Amazon Keeps Sending This Acton Couple Mysterious Packages They Never Ordered

Updated February 7, 2018

An Acton, Massachusetts couple is speaking out after Amazon packages mysteriously began piling up on their front porch. Keep reading to learn more!

 

Mike and Kelly Gallivan will never forget the day a random package suddenly landed on their doorstep last October.

While they were mystified by the 4-inch fan that plugs into a computer USB port and combination phone charger and hand warmer, the Gallivans assumed there must have been a mistake.

Since that day, the Gallivans have been regularly receiving packages every week or two—Amazon packages they never ordered.

At first, Mike and Kelly thought the random packages were funny, but the constant deliveries have since become nothing but a nuisance.

Despite calling Amazon and explaining the situation, the Gallivans say the company has done nothing to stop the packages, nor have they given the couple any information about the buyer.

Every package has been purchased with a gift card, which means Amazon has not been able to pinpoint the buyer’s address or identity.

When Amazon said they could do no more, the Gallivans took their bizarre story to Sean P. Murphy, a writer at The Boston Globe.

According to Murphy, experts agree that Mike and Kelly are likely the unwitting accomplices in an Amazon scam.

James Thomson and Chris McCabe, who used to work for Amazon, say this is likely what’s going on: A seller is trying to manipulate their product’s ratings by setting up a phony email address for the sole purpose of creating an Amazon account. The sneaky seller then purchases their own items on a gift card—all to stay anonymous—before having the products sent to a stranger’s house. Once the items are delivered, the whole transaction becomes a “verified purchase,” which allows the buyer to review the products they pretended to receive. This means a seller can give their own products rave reviews, essentially tricking others into thinking the items are better than they are.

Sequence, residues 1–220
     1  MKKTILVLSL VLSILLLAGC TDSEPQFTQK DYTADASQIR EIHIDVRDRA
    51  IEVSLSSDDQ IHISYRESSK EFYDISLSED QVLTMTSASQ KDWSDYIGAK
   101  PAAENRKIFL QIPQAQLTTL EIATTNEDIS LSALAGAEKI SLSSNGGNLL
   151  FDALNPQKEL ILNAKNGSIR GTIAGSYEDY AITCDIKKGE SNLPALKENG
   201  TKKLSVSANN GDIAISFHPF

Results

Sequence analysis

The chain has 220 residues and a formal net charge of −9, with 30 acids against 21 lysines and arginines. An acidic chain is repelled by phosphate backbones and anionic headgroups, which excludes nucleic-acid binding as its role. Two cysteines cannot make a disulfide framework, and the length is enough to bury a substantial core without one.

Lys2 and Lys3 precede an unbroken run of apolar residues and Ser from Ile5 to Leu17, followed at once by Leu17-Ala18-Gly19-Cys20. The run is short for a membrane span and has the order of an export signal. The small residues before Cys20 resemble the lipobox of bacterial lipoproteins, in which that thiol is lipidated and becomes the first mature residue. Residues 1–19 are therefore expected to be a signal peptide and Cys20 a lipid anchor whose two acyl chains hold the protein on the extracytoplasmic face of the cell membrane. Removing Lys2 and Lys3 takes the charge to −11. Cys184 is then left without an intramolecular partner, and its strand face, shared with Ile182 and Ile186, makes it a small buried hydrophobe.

“If the person doing the ordering controls the e-mail of the person receiving the product, he can write a five-star review of his own product,” said Thomson.

While the whole ordeal didn’t seem like a big deal at first, the Gallivans want nothing more than for the packages to stop.

We’re just plain, ordinary people,” said Kelly, 68. “We don’t want any part of this. But the packages just keep coming.”

Though it doesn’t seem like Amazon is doing much to investigate, Thomson says looking into this problem should be a top priority for the company.

“Amazon’s No. 1 consideration is what’s best for the customer,” he said. “And customers need to know the reviews they read on Amazon are not fraudulent.”

Brian Kilcourse, who heads a California research firm specializing in the behavior of various retailers, agrees that even one verified review on an Amazon product can sway a potential buyer.

“When you’ve got a choice of three or four brands of, say, USB connectors, and they all look the same and they all cost the same, you click on the one with the best reviews,” he said. “You hardly think about it. You just do it.”

Murphy has since reached out to Amazon, providing a two-page memo with Mike and Kelly’s story, but even he hasn’t received much of a concrete response.

“We are investigating inquiries from consumers who have received unsolicited packages as this would violate our policies,” Amazon initially said in a statement that was sent to Murphy. “We remove sellers in violation of our policies, withhold payments, and work with law enforcement to take appropriate action.”

“Amazon has multiple checks in place to monitor customer accounts and transactions, and have systems designed to identify and prevent suspicious activities,” the company added later.

“As bad actors get smarter, so do we,” Amazon continued in the second statement. “Amazon is constantly innovating to protect the customer experience.”

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